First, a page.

Impact score: 10


2. Require “auto” features


Auto-enrollment and auto-escalation work. Require all 401k plans to auto-enroll all participants and escalate their contributions annually.

Impact score: 10. We know this works!


3. Require re-enrollment


Annual re-enrollment also works. Legislate its requirement into all 401k plans. Those plans that have implemented auto-enrollment, auto-escalation and annual re-enrollment have participation rates of 90% or more.

Impact score: 10. We know this also works!


4. Eliminate participant loans


401k loans are one of the worst financial decisions any plan participant can make. Eliminate them as soon as possible. In addition, they have nothing to do with preparing employees for retirement.

Impact score: 7. Many participants who take loans end up defaulting on them when they leave their employer, permanently removing assets from their retirement account. Putting guard-rails like this on 401k plans guides and protects participants.


5. Allow unlimited after-tax 401k contributions


State and federal governments still get their tax revenue since these contributions are after-tax while those participants – 62% of us according to a recent study — who are behind in saving, have a chance to catch up. The 2020 $6,500 annual catch-up contribution for those age 50 and older is appreciated but falls significantly short of what is necessary to help participants catch-up.

Impact score: 7. Most of us don’t have the capacity to make a large contribution each year. However, many of us occasionally have a year when it is possible. Why not have the option?


6. Require a Qualified Default Investment Alternative (QDIA) in every plan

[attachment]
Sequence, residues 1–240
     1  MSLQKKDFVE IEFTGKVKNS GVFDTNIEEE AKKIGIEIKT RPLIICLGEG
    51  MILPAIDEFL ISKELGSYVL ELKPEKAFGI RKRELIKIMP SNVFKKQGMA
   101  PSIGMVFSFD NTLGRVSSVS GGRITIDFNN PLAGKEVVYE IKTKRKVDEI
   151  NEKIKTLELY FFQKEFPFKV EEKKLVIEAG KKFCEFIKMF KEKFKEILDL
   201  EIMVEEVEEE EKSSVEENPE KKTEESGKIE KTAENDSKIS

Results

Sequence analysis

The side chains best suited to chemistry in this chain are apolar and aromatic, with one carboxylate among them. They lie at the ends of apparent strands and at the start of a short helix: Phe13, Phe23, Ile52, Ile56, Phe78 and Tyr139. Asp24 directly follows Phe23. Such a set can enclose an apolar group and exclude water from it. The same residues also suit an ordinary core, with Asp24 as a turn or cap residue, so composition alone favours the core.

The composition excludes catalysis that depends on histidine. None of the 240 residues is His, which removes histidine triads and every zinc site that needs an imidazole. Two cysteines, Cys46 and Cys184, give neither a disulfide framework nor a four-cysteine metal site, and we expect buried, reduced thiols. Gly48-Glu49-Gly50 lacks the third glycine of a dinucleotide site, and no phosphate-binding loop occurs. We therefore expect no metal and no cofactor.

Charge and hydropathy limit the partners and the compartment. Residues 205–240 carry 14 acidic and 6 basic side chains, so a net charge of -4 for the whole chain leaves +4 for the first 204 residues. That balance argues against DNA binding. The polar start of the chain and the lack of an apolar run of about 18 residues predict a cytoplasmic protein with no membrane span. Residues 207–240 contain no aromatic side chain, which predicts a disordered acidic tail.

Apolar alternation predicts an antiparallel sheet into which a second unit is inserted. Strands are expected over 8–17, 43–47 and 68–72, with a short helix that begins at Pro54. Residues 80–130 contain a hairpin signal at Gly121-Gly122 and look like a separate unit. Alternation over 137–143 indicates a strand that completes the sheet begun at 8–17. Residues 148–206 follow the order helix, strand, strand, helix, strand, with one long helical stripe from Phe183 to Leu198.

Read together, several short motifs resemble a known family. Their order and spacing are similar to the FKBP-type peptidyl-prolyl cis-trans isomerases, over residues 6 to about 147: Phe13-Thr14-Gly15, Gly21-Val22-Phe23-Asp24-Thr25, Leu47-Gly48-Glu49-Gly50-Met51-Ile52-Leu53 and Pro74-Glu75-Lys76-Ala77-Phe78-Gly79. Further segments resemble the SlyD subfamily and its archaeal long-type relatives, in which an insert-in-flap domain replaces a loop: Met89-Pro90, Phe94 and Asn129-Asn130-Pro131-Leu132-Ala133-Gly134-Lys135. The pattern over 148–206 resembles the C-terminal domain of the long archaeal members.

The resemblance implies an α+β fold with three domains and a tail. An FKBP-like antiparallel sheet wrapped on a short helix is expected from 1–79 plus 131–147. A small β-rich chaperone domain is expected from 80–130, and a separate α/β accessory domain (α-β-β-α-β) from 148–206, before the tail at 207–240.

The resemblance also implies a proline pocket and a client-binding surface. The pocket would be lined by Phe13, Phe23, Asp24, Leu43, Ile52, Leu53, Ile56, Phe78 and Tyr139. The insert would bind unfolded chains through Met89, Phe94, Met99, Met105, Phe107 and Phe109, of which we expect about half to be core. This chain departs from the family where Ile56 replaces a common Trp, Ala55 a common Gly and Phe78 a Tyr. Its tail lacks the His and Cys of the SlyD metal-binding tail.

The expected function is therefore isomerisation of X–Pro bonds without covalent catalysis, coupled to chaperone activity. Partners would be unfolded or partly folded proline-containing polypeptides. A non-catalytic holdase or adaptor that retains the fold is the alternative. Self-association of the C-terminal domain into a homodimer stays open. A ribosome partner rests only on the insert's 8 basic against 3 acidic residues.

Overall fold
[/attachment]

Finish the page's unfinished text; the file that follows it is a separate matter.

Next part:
Participants have shown that they appreciate the do-it-for-me approach in 401k plans. Require every 401k plan to offer at least one series of life-cycle, target date or risk-based investments. Participants are accepting do-it-for-me solutions.

Impact score: 8. Participants have accepted guided solutions by not opting out of auto options. If their contributions are invested in a QDIA and they are advised to leave it alone until they retire, the positive impact could be enormous.


7. Require every party with a signed contract to be a fiduciary


This is an incredibly common sense requirement: If you have a signed contract with a qualified retirement plan sponsor to provide administrative, trust, custody, investment advisory, investment education, audit or any other services, you are a fiduciary. Every action your firm takes must be in the plan participant’s best interest.

Common sense impact score: 10. Why isn’t this the law right now?

All but one of these seven recommendations would cost federal and state governments nothing in lost tax revenue. Similarly, the cost to American businesses of all of these changes would be minimal. However, the improvement to employee retirement readiness would be enormous.